I was a latecomer to Penelope Lively’s fiction for adults. Previously I only knew her name from her children’s books: The Giraffe, the Pelly and Me, to name one, or The House in Norham Gardens (since living in Oxford, I’ve had fun walking around the actual street named Norham Gardens, musing over whether Lively had any particular house in mind.)
Consequences, read on a long, cramped train journey on a dark February night, was my first forary into Lively’s adult novels. Since then I’ve been voraciously working my way through her entire back catalogue. It’s great when an author’s writing inspires that kind of thirst, where one book makes you want to read everything else they’ve ever written. I’ve had it with Ian McEwan and Salley Vickers too, but I’ll praise them elsewhere; this is Lively’s party.
She deserves a party: she is undervalued. Why is the publication of a new Lively book (and she is a prolific writer) not trumpeted in the way that books by other major British novelists are? Mustn’t whine (Penelope would hate that) but there seems to be an impression, identified by Anthony Thwaite in his introduction to her Booker prize-winning Moon Tiger, that Lively’s books are essentially cosily middle-class, unchallenging reads. Nothing wrong with that, but that’s not Lively.
It’s true that her novels are peopled with middle-class characters pursuing white-collar or arty, imaginative careers. Academics (often historians or archaeologists), garden designers, architects, interior designers, writers, solicitors, journalists and art dealers all feature. But Lively likes skewering these types, too: Gina in Family Album is aware that her aunt Corinna ignores her mother Alison, a housewife, and is impressed only ‘by achievements in her own rarefied sphere. I don’t write studies of 19th Century poetry, so I am beyond her remit.’ Kath in The Photograph remains an enigma, a kind of aporetic void at the heart of the text, but this is because we only ever view her through the eyes of others who are constantly trying to grasp what she ‘does’ with her life. They don’t understand what she does for a job, if she does anything at all. Therefore they don’t understand (or try to understand) her.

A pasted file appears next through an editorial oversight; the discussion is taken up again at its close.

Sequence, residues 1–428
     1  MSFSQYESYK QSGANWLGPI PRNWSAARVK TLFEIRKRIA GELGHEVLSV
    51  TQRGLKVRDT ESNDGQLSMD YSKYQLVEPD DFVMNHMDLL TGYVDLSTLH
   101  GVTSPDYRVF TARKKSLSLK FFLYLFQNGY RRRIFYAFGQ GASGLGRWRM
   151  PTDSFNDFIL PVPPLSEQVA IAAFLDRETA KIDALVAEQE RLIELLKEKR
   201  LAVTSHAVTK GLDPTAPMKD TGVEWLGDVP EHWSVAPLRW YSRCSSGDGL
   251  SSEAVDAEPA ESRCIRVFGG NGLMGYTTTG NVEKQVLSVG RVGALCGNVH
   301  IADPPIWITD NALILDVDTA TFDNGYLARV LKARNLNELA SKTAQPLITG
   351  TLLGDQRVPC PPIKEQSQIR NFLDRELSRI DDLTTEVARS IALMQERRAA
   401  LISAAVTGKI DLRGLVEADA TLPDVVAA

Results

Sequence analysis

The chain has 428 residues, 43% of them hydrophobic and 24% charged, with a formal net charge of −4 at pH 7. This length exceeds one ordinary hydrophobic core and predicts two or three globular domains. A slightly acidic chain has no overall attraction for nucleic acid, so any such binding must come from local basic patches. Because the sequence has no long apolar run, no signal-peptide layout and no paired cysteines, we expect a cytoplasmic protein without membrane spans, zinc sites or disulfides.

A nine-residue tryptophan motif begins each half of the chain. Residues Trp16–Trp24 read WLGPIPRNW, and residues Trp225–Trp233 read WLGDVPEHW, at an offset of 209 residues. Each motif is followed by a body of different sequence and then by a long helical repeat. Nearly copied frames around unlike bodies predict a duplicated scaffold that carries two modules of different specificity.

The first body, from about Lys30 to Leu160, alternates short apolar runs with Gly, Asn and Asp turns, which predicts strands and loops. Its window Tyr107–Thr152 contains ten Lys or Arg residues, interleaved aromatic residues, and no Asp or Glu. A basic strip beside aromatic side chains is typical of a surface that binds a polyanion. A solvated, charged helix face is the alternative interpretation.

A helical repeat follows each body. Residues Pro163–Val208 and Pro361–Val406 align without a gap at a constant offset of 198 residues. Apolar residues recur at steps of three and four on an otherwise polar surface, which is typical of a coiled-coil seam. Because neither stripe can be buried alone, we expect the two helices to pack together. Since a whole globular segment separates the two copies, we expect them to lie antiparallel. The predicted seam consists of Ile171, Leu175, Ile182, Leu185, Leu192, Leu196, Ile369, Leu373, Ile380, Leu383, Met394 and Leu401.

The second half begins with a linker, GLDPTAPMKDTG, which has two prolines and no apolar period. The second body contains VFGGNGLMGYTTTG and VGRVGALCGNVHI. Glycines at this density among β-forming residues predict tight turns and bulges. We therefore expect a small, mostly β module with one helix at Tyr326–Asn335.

What I really enjoy in Lively’s novels is the idea that we are, somehow, composites of selves, that ‘if a place is haunted, it is perhaps with the ghost of ourselves, both past and future.’ Her ‘anti-memoir’, Making It Up, explores this brilliantly: the splintering chains of consequences that make up a life and how different the ‘story’ could have been. It reads like a series of short stories in which Lively riffs on aspects of her own life and imagines how things could have turned out differently.
Then there’s the way she writes. Lively can tell, tell, tell and not show, for pages on end, with little dialogue. It’s how she tells, what she notices, the precise details she chooses to home in on – and always with her trademark taut style. She takes an almost phenomenological view of cities and landscapes – never more so than in City of the Mind, which was proving almost too densely psychological and disorientating for me at first, but which turned out to be a satisfyingly slow burn.
Top recommendations? Heat Wave – pathetic fallacy par excellence, where Lively ratchets up the tension between a mother, daughter and the daughter’s husband during a long, hot summer (remember those? Oh wait, we just had one!). How It All Began for some of her best writing on age, being young, identity, reading, the importance of stories, love, marriage and human interaction. Making It Up – for narrative innovation. And Consequences – an immensely moving, but never saccharine, saga spanning three generations of women from the eve of World War Two to the present day.
She’s got a new book out at the moment, Ammonites and Leaping Fish – read more here: http://www.penelopelively.net
And here’s her recent poignant, meditative piece for The Guardian: http://www.theguardian.com/books/2013/oct/05/penelope-lively-old-age
Do read thee some Lively – you won’t regret it.